The new Asia Literary Review is hosting a feature on modern (I think they mean contemporary) Chinese poetry. Here’s an excerpt from the introduction by Zheng Danyi 鄭單衣 (translated with Martin Alexander and Shirley Lee):
For us, poetry wasn’t just a social tool or a political weapon. We worked to create an independent literary movement, inspired by T. S. Eliot and other Modernists, and to form a new sense of beauty from Chinese and Western traditions. We wrote in the music of our own southern languages – and edited with an ear for Mandarin. A vernacular approach was therefore also important – what Coleridge called “the language of ordinary men”. This had been a feature of China’s New Culture Movement, which flourished from 1917 to 1919. It aimed, as we did, to build on the literary traditions of the past and to speak directly to a broad audience in its own language.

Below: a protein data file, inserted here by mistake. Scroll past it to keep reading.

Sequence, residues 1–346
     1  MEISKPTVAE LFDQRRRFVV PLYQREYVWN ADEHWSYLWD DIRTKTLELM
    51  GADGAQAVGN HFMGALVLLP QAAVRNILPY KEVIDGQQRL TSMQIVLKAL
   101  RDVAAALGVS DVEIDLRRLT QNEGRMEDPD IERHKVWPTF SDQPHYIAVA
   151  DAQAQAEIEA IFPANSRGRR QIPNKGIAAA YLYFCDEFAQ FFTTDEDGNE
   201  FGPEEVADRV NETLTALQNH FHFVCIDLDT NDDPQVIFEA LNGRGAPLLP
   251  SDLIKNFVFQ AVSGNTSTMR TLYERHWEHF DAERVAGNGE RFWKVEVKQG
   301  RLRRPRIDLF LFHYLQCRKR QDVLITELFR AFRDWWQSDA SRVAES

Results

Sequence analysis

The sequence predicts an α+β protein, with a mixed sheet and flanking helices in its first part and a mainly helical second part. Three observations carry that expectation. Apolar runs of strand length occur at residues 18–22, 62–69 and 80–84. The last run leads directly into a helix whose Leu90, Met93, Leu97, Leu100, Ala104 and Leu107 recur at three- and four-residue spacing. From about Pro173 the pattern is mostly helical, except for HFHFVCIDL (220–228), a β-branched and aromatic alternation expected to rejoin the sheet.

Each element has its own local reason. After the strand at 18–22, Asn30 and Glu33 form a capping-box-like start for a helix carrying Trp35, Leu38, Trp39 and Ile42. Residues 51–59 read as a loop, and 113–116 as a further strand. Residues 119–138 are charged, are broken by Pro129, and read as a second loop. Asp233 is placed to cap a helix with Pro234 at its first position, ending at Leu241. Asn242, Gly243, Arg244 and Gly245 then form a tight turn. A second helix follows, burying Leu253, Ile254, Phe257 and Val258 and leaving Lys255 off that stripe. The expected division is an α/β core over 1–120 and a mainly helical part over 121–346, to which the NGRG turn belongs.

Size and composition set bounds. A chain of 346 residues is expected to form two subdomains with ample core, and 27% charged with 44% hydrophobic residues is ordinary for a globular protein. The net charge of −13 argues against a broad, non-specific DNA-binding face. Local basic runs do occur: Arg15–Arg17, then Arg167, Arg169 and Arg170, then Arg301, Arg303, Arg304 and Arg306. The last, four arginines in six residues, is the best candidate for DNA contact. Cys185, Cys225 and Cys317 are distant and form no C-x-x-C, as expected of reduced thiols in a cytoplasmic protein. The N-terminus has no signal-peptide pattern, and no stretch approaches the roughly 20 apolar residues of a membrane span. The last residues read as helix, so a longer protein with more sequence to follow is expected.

The feature includes new translations of old poems by Zheng along with Bei Dao 北島, Duo Duo 多多, Shu Ting 舒婷, Yang Lian 楊煉, Gu Cheng 顧城, Zhai Yongming 翟永明, Bai Hua 柏樺, Zhang Zao 張棗, and Chen Dongdong 陳東東.
Click the image above for the full feature.